Unemployment benefits are available as a matter of right (that is, without a means test) to unemployed workers who have

demonstrated their attachment to the labor force by a specified amount of recent work and/or earnings in covered employment. All workers whose employers contribute to or make payments in lieu of contributions to State unemployment funds are eligible if they become involuntarily unemployed and are able to work, available for work, and actively seeking work.

Workers must also meet the eligibility and qualifying require- ments of the State law. Workers who meet these eligibility condi- tions may still be denied benefits if they are found to be respon- sible for their own unemployment.

The benefit may be reduced if the worker is receiving certain types of income—pension, back pay, or workers’ compensation for temporary partial disability. Unemployment benefits are subject to Federal income taxes.

Work Requirements

A worker’s monetary benefit rights are based on his or her employment in covered work over a prior reference period, called the “base period,” and these benefit rights remain fixed for a “bene- fit year.” In most States, the base period is the first four quarters of the last five completed calendar quarters preceding the claim for benefits.

Six States specify a flat minimum amount of base period earnings, ranging from $1,000 to $2,964, to qualify. One-fourth of the States express their earnings requirements in terms of a mul- tiple of the benefit for which the individual will qualify (such as 30 times the weekly benefit amount). Most of these jurisdictions, however, have an additional requirement that wages be earned in more than one calendar quarter or that a specified amount of wages be earned in the calendar quarter other than that in which the claimant had the most wages.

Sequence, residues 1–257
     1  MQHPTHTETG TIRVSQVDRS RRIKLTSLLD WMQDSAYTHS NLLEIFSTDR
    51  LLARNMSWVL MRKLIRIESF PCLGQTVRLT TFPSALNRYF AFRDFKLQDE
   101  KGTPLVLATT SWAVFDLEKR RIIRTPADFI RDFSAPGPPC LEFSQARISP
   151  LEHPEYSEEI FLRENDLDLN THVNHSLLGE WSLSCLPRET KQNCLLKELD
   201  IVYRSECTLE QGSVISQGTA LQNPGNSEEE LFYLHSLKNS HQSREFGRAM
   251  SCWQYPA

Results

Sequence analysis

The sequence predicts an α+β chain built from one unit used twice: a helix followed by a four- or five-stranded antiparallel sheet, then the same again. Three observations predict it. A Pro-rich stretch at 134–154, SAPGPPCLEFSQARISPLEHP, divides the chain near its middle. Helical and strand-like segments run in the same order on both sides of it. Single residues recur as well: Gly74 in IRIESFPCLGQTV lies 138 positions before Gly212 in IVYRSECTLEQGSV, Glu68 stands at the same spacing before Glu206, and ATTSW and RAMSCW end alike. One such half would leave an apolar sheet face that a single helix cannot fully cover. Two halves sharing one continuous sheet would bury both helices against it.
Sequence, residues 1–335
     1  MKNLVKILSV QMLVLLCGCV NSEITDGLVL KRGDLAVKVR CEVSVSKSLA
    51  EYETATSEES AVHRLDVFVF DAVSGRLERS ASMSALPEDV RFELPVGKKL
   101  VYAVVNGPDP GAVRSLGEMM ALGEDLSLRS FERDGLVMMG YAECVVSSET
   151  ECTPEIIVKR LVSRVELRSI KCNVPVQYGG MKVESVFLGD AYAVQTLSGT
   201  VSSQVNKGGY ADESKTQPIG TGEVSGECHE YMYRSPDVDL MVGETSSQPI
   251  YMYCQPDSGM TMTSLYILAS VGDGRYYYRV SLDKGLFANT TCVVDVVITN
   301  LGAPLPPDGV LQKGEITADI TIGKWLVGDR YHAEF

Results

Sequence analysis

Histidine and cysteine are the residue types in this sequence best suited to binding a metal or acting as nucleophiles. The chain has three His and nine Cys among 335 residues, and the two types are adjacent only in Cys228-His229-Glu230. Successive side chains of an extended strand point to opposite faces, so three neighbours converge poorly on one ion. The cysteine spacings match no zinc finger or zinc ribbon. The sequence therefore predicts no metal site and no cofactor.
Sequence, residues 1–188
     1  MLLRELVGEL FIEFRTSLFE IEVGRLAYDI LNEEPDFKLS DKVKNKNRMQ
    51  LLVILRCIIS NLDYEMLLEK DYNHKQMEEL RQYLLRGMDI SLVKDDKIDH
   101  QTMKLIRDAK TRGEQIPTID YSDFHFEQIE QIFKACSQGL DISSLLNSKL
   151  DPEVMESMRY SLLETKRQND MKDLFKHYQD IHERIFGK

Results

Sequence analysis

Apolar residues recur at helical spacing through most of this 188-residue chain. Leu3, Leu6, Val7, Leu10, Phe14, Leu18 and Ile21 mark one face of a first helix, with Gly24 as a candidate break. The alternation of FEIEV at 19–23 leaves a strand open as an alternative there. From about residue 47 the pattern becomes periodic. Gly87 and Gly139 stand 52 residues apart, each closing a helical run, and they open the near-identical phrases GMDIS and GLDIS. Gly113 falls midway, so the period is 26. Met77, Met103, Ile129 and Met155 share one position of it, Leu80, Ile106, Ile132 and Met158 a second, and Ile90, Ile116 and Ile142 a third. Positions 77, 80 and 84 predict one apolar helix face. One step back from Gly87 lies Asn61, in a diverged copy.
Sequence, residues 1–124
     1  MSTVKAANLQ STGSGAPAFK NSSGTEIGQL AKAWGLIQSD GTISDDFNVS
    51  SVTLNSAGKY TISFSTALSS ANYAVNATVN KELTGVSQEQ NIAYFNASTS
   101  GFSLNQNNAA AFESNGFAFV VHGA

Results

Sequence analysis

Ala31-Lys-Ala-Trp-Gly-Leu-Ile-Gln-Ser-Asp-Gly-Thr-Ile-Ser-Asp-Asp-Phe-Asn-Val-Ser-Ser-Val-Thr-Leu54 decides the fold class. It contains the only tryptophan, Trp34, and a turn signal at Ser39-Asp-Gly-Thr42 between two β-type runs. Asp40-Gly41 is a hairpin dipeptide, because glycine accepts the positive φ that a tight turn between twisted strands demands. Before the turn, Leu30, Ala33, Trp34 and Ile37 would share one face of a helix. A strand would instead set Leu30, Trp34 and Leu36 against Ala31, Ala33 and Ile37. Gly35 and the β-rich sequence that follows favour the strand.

Almost half the States simply require base period wages totaling a specified multiple—commonly 1-1/2 of the claimant’s high-quarter wages. Seven States require a minimum number of weeks of covered employment (minimum number of hours in one State), generally reinforced by a requirement of an average or minimum amount of wages per week.

If the unemployed worker meets the State requirements, his or her eligibility extends throughout a “benefit year,” a 52-week period usually beginning on the day or the week for which the worker first filed a claim for benefits. No State permits a claimant who received benefits in one benefit year to qualify for benefits in a second benefit year unless he or she had intervening employment.

Other Requirements

All States require that for claimants to receive benefits, they must be able to work and must be available for work—that is, they must be in the labor force and their unemployment must be due to lack of work. One evidence of ability to work is the filing of claims and registration for work at a State public employment office. Most State agencies also require that the unemployed worker make an independent job-seeking effort.

Eleven States have added a proviso that no individual who has filed a claim and has registered for work shall be considered ineli- gible during an uninterrupted period of unemployment because of illness or disability, so long as no work, which is considered suitable but for the illness or disability, is offered and refused after becoming